When you are diving, your lungs become like a balloon: when you breathe in, they fill up with air, which makes you rise to the surface. When you breathe out, that air leaves your lungs, and you sink. This can be a nightmare when trying to capture steady footage, so you must learn how to adjust your breathing and to stay perfectly still.  

I’m currently shooting on the Panasonic S1H, which is a DSLR style camera that can shoot to Netflix quality. It has all the benefits of a big camera, but it can fit in a backpack. Attached to the camera is a 16-35mm lens, a versatile lens that is amazing for doing wide-angle photography. The entire system is housed in a vacuum-sealed housing with a big glass dome port, allowing the camera to work over 100m below the surface.  

In 2019 you released your debut film, MY 25: The Ocean Between Us. How did you come up with the idea for the production? 

The film was my final project for my Masters degree. In 2018, I began an MA in Wildlife Filmmaking at the University of the West of England, which was run in partnership with the BBC’s Natural History Unit.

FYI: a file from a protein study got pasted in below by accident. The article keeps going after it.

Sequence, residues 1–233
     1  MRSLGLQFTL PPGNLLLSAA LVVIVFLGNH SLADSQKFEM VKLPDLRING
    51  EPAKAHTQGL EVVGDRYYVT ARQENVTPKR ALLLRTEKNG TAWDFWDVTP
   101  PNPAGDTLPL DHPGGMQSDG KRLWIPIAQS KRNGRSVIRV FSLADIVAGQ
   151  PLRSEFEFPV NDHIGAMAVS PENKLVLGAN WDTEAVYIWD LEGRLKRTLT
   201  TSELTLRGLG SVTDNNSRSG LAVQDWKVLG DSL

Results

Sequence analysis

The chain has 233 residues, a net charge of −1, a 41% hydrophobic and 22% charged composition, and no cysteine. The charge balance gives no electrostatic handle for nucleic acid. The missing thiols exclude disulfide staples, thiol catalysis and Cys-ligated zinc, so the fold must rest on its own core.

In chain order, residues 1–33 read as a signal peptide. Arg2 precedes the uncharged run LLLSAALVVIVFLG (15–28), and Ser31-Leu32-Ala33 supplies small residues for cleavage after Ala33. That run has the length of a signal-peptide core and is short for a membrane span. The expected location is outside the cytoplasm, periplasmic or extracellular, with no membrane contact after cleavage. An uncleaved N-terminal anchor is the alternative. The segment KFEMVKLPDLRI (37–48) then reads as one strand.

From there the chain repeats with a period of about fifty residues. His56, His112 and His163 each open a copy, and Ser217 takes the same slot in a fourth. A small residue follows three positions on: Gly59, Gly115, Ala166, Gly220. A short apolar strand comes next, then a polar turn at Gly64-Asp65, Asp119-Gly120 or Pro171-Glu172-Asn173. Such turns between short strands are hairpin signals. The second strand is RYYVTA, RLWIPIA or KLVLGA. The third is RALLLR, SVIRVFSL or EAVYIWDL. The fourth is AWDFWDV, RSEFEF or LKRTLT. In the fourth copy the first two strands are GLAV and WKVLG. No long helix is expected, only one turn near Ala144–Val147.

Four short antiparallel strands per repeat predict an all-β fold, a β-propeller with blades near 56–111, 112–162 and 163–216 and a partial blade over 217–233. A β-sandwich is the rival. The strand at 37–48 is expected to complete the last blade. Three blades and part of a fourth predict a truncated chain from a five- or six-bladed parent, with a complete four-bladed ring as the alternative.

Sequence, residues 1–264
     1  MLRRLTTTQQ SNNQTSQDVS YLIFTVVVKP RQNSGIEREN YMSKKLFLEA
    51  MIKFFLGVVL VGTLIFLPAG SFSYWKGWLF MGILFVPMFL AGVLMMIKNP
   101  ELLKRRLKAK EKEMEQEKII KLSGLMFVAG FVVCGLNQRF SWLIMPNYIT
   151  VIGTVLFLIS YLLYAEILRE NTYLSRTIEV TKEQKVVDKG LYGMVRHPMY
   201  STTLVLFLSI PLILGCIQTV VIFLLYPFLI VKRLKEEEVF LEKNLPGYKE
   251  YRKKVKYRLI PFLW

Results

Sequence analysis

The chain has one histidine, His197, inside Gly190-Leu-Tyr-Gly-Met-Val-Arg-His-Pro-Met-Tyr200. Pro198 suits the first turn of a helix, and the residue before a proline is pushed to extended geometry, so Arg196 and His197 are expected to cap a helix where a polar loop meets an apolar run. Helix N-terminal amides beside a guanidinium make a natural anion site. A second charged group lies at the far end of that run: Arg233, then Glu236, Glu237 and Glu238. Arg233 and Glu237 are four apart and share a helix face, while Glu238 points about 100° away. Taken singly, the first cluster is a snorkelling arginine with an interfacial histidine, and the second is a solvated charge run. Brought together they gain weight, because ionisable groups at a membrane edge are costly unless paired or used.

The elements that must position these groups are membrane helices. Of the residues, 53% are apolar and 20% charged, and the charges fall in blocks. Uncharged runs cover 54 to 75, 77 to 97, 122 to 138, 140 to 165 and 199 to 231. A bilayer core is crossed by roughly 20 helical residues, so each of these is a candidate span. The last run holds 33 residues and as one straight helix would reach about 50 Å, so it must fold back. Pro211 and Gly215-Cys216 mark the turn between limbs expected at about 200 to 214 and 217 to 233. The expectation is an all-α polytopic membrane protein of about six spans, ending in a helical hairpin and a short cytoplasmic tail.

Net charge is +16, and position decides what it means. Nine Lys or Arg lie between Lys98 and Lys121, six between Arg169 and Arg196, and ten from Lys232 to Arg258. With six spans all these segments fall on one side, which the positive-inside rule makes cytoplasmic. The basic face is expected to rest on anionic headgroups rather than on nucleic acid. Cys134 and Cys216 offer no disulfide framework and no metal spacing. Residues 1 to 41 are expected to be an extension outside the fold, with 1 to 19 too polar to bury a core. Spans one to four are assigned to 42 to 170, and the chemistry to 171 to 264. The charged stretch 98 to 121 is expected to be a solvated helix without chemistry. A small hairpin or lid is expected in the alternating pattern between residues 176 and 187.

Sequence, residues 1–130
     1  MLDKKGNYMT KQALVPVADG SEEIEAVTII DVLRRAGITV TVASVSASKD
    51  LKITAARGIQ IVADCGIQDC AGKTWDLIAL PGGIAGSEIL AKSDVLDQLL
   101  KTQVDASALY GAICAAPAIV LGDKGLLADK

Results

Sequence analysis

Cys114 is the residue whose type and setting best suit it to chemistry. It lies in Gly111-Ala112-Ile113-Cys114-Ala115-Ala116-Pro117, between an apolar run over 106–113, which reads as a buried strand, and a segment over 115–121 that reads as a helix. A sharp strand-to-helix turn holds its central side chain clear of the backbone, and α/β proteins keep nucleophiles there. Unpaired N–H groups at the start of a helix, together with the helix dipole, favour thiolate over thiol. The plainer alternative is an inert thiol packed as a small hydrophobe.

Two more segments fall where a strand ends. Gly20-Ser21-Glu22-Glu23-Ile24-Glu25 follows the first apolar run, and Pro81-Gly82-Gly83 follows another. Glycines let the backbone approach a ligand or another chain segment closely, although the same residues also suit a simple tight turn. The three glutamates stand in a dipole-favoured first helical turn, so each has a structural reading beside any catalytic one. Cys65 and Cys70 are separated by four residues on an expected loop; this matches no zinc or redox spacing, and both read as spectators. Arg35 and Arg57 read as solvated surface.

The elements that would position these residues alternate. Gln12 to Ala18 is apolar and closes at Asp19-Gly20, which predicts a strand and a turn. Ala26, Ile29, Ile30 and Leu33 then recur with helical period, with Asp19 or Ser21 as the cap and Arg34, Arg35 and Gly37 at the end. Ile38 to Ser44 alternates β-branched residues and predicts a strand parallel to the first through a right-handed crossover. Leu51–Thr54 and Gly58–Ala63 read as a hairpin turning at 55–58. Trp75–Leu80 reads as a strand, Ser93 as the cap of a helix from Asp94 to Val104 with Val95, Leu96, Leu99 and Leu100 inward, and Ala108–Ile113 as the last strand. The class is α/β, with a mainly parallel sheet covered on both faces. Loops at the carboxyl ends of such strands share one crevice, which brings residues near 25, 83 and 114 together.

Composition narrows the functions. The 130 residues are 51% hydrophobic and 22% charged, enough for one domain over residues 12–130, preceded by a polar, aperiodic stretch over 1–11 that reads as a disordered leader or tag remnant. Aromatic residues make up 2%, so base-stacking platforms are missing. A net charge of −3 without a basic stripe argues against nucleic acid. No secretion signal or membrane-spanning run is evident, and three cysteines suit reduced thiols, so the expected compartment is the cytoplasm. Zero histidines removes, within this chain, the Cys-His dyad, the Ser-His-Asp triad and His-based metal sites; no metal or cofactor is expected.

I knew I wanted to do something authored. I didn’t have the budgets of a big film crew, didn’t have the ability to hire in a top camera operator and script writer. I had to do everything myself. I found myself thinking, “What story do I have to tell?”

Something I’m passionate about is encouraging people to become an advocate for their local coasts and the wider ocean. I do a lot of work with schools and university students on how they can bring ocean advocacy into their research, and I give public talks on ocean conservation. 

We all have a relationship with the ocean, and that was what my film was about: I wanted to show my relationship with the ocean, and how much I’ve seen it change in just 25 years. 

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Behind the scenes of a film set in a science lab

What did you find while making the film?